early pioneer and a rare one, doubling as a high diver.

Richard Campion (Australia)


Richard Campion was a world championship individual and team gold medal coach and has promoted open water
swimming globally since 1967.

After he competed in the 1960 Olympics, he competed on the professional marathon swimming circuit in Italy (1975
and 1976 Capri-Napoli Marathon Swim), Canada (1975 Traversee Internationale du lac St-Jean, 1975 Lac La Tuque 24-
hour Swim, 1976 lac Chibougamau Marathon), He won the 1976 Australian Open Water Swimming Championships in
the year he was elected President of the World Professional Marathon Swimming Federation. He also served as the
President of the Australian Marathon Swimming Federation from 1977-1979 and was a member of the Australian
Open Water Swimming Committee from 1988-2001 during which time he wrote the Open Water Swimming handler
and trainer's 25K manual, suitable for 25k, adopted by Australian Swimming and organized the 1999 Pan Pacific
Open Water Championships.
From 1989-1998, he was the national open water swimming coach for Australia where he coached swimmers to gold, silver and bronze at the 1991
and 1998 World Swimming Championships, the 1991 Pan Pacific Swimming Championships and several international competitions in Italy, France,
Canada and the USA. He designed the Australian Swimming 16K Grand Prix Series and, from 1990-1996, he was the Chief Presenter of Open Water
Swimming Coaching at Australian National Coaching Conferences and coached a 93K world record 4-person relay from Malta to Sicily in 1996 and
English Channel and Manhattan Island Marathon Swim athletes.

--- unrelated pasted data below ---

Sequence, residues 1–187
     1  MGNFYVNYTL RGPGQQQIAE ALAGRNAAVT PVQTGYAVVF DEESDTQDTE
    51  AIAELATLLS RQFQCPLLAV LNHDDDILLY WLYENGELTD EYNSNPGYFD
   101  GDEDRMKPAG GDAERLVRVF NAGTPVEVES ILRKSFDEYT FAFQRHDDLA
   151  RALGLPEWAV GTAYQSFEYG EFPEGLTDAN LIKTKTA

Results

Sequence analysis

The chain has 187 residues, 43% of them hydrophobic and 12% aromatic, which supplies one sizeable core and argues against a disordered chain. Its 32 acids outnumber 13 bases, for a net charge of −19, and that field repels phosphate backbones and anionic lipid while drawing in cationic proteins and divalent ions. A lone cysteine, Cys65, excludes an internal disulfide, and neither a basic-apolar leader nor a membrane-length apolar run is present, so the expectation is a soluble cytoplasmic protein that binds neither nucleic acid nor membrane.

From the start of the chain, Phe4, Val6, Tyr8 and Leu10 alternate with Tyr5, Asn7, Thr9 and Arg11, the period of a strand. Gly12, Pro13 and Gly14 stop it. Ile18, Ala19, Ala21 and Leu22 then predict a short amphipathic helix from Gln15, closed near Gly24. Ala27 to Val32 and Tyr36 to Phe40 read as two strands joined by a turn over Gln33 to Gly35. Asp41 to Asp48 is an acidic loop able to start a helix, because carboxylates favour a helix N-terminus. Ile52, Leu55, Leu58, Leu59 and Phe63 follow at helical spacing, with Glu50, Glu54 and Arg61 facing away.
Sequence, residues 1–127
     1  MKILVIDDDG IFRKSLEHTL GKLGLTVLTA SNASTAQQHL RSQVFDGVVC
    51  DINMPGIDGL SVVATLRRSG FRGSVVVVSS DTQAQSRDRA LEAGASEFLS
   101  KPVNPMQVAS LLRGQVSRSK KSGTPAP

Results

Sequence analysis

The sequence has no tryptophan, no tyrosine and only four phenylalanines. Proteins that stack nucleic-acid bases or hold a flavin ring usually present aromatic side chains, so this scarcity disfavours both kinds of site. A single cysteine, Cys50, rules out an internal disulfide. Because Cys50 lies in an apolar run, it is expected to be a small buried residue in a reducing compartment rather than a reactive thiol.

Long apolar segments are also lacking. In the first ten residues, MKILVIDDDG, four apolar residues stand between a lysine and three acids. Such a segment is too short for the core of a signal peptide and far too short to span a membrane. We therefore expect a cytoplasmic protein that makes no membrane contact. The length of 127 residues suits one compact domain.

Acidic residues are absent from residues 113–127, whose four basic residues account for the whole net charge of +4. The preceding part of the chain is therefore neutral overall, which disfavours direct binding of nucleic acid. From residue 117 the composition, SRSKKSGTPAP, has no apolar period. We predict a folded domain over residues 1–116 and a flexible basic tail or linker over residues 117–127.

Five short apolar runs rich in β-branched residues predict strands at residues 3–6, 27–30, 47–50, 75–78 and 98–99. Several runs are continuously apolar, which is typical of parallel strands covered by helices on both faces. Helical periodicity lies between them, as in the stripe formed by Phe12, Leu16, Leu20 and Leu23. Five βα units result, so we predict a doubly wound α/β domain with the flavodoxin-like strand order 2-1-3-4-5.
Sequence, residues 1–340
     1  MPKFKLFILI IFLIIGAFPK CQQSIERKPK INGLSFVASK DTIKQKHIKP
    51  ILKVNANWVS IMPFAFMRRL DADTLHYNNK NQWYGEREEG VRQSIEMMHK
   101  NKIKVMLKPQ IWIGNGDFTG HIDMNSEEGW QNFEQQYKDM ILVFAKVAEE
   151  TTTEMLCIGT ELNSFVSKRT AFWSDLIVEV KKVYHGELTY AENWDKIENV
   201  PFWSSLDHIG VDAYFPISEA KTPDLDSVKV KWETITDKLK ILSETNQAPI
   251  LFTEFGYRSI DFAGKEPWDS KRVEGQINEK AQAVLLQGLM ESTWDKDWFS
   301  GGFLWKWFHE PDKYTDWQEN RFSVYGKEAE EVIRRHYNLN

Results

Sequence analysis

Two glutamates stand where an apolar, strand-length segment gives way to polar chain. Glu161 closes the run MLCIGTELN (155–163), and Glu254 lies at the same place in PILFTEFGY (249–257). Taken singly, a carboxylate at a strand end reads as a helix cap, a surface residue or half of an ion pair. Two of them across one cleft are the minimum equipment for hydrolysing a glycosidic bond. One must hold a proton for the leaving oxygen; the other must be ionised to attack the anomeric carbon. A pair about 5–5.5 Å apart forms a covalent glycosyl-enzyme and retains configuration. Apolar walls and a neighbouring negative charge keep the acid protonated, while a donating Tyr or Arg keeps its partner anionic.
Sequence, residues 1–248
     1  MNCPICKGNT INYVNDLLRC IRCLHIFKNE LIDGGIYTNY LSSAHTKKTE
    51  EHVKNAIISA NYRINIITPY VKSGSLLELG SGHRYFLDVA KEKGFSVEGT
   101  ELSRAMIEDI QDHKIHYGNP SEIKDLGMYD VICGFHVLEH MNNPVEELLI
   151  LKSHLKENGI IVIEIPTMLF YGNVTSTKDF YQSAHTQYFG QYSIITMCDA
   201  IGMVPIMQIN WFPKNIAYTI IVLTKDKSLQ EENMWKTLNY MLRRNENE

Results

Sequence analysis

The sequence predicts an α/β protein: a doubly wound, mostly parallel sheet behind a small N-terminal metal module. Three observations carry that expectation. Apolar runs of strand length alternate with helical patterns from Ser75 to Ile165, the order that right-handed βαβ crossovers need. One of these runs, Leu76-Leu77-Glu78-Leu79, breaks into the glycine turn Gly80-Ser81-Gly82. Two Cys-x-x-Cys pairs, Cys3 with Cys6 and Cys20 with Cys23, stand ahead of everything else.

6
Drury Gallagher (USA)
Drury Gallagher is a visionary who restarted the Manhattan Island Marathon swim, one of the world's most popular
marathon swims. Due to his hard-work in the 1980's and early 1990's, New York City is now a dynamical hotbed of
marathon swimming, world renowned for its Manhattan Island Marathon Swim. As a swimmer, Drury set 27 FINA
Masters world records and later founded the Manhattan Island Swimming Association that will be his legacy as a
memorial to his son, Drury, Jr. who died in a tragic accident. Drury is leaving one big wake - as an athlete and an
open water swimming visionary.

Rottnest Channel Swim Association (Australia)


The Rottnest Channel Swim Association has conducted over two decades of 19.7K solo and relay crossing of the
Rottnest Channel.

Formed in 1989, the Rottnest Channel Swim Association priorities are to observe and authenticate people who
swim the Rottnest Channel, promote safety, advise and encourage swimmers wanting to make an attempt as well
as gathering and preserving historical data from the crossings. Nearly 25,000 individuals have been certified by the
Rottnest Channel Swim Association to have swum the channel as solo and relay swimmers since 1956.

Catalina Channel Swimming Federation


The Catalina Channel Swimming Federation is the governing body in California's Catalina Channel. Its mission is to
promote interest in Catalina Channel Swimming, furnish information to and advise those intending to make the
swim,promote the safety and welfare of the swimmer, observe and authenticate persons who swim the Catalina
Channel and gather and preserve historical Catalina Channel Swimming data. Since the first crossing in 1927, there
have been 199 successful solo swimmers and 70 successful relays.

Tom Hetzel (USA), Inducted in 1980


From 1968 to 1972, Hetzel was an internationally ranked marathon swimmer. He has swum the English
Channel eight times (most by an American at the time). He additionally he captained six English
Channel relay crossings that set three new world records. He completed the Traversée internationale
du lac St-John, the 20-mile Aswan High Dam Swim, the 30-mile Gulf of Baja California swim, the 30-mile
swim from Point Lookout, New York, twelve solo Manhattan Island swims and coached Doc Counsilman
on his record-setting English Channel swim. Tom was a New York policeman and qualified diver who
also coached several athletes that attempted the English Channel.

Certificates of Merit